Tuesday, November 27, 2012
Cancer epidemiologist Geoffrey C. Kabat, who is also the author of Hyping
Health Risks: Environmental Hazards in Daily Life and the Science of
Epidemiology has written an excellent and thought-provoking, but
mis-titled column at Forbes on "How Activism Distorts the Assessment of
Kabat identifies many things wrong with how the International Agency for Research on Cancer evaluates the cancer-causing potential of chemicals and products, such as cell phones.
All three of these flaws came together in IARC's assessment of cell phones: undue emphasis on a small number of positive epidemiologic studies from a single group, when the much larger body of studies indicated no elevated risk; the improper influence of an activist researcher (the lead author of the anomalous positive studies) on the deliberations of the working group; and, finally, a tilt toward the "precautionary principle." [link in original]Kabat goes on to note the influence of the IARC on how government agencies with coercive regulatory power decide which substances or products to control or ban, and says the following:
What these distortions and abuses make clear is the need for a firewall between advocacy and science.This is half-right and half-wrong. It is not advocacy, per se, that is the threat here, but the fact that government agencies can force others to comply with the conclusions -- mistaken or not -- that advocates for one scientific position or another hold. In fact, Kabat's evidence helps make a compelling case for the separation of science and state. Unfortunately, Kabat does not appear to see this, as far as I can tell from reading this column, and as a result, implies that government regulation of products based on cancer risk would be okay, provided that:
[T]he scientific evidence needs to be evaluated rigorously and dispassionately by people who do not feel they know the answer but whose sole goal is the accurate assessment of the evidence. People who know the answer and have an agenda are believers and advocates, and they should have no role in assessing the science.I understand why Kabat is saying something like this, but this is absurd: Suppose, based on my evaluation of the evidence, I have concluded that something commonly found in food is dangerous. Why should I not be free to both put my conclusions into practice ad warn others? We do indeed need a firewall between activists -- especially those whose non-objective epistemology warps (or even prevents) their evaluation of scientific evidence -- and the public. However, that firewall is similar to that between church and state. For the same reason the state shouldn't promote any religious view, it shouldn't promote unproven scientific theories, speculation, or philosophical views (such as the precautionary principle). The state should not be in the business of funding science (thereby robbing people of money and creating a warped incentive structure for scientists in the process) or regulating chemicals and other products (violating the rights of producers and consumers alike, and causing problems such as those Kabat demonstrates).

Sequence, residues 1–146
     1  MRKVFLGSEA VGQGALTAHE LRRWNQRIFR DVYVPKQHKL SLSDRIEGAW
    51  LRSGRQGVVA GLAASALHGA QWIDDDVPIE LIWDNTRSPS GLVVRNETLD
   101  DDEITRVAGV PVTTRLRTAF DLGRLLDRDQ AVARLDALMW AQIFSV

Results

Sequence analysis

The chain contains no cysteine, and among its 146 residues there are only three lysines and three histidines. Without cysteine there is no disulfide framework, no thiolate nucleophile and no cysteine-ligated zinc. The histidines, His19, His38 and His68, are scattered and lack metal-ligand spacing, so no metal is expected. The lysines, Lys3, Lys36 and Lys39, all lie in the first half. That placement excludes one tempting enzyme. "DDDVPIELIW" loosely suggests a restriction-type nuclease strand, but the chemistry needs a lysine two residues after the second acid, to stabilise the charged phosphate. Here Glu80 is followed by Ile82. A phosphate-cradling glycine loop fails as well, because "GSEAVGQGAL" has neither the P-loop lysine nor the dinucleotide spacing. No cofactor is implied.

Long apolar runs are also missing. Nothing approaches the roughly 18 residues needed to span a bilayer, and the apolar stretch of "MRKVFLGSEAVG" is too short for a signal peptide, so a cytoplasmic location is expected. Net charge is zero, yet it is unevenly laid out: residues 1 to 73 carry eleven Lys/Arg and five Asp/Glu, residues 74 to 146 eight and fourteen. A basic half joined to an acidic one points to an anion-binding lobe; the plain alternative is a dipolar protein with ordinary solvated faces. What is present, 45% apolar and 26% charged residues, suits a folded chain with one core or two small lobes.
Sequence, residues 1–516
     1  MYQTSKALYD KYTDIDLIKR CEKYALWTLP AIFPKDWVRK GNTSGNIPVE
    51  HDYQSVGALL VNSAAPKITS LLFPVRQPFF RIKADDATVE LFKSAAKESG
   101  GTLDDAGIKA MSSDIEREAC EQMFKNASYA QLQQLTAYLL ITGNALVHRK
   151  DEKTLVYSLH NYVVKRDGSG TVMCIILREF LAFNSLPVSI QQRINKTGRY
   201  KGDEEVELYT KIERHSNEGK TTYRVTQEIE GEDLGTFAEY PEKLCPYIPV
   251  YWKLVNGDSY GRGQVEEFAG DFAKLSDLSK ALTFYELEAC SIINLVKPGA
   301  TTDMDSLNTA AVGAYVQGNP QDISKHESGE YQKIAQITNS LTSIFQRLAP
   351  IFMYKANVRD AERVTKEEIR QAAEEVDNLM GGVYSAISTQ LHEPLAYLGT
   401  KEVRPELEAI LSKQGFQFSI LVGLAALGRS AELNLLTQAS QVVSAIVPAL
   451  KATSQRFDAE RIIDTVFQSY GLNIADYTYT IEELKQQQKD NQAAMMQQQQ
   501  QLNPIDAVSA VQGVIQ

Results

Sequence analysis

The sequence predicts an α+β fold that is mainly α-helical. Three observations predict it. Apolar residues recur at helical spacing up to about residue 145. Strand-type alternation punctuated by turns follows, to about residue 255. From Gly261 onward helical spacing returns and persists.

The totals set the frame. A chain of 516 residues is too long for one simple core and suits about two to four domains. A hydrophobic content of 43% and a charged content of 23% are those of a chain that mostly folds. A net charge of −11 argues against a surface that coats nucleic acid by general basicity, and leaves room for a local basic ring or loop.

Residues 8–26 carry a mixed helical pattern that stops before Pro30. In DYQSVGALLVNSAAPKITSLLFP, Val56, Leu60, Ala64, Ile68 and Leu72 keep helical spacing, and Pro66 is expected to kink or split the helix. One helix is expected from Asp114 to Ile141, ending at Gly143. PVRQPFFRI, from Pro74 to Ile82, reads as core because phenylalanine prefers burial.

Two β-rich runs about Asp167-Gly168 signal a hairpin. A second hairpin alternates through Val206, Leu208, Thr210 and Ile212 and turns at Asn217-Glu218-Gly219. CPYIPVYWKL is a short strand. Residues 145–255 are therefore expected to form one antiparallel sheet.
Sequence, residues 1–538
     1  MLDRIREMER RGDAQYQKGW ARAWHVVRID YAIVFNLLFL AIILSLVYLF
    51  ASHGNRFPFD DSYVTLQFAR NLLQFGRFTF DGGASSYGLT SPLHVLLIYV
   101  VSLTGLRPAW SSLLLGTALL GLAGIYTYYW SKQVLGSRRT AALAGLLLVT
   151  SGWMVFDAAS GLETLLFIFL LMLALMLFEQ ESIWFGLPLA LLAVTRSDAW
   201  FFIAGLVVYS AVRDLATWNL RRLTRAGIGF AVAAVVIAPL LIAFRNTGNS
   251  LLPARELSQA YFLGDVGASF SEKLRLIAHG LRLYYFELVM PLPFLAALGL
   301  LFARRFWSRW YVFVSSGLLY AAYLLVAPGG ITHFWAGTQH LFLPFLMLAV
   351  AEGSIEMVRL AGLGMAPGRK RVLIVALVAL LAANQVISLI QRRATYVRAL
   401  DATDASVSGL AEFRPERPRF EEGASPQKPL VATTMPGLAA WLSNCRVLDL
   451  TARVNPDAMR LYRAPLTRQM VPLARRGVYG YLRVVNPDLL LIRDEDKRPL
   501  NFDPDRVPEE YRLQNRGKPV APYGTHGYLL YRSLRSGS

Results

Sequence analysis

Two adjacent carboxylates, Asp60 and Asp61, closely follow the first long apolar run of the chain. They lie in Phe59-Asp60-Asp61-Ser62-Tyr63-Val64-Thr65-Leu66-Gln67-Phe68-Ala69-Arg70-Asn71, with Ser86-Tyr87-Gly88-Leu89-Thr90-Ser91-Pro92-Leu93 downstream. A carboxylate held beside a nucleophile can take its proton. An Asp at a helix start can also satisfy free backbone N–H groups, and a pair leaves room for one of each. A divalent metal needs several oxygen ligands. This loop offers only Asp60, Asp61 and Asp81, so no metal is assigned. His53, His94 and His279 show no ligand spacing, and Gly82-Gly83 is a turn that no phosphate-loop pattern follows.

Science should be privately funded and the decision to use a chemical or product should be left to the individual, informed by the findings of private organizations he trusts, such as Underwriters Laboratories or the Consumer Union. Activism could not distort the evaluation of scientific evidence on a nationwide scale like it does today without the government's help.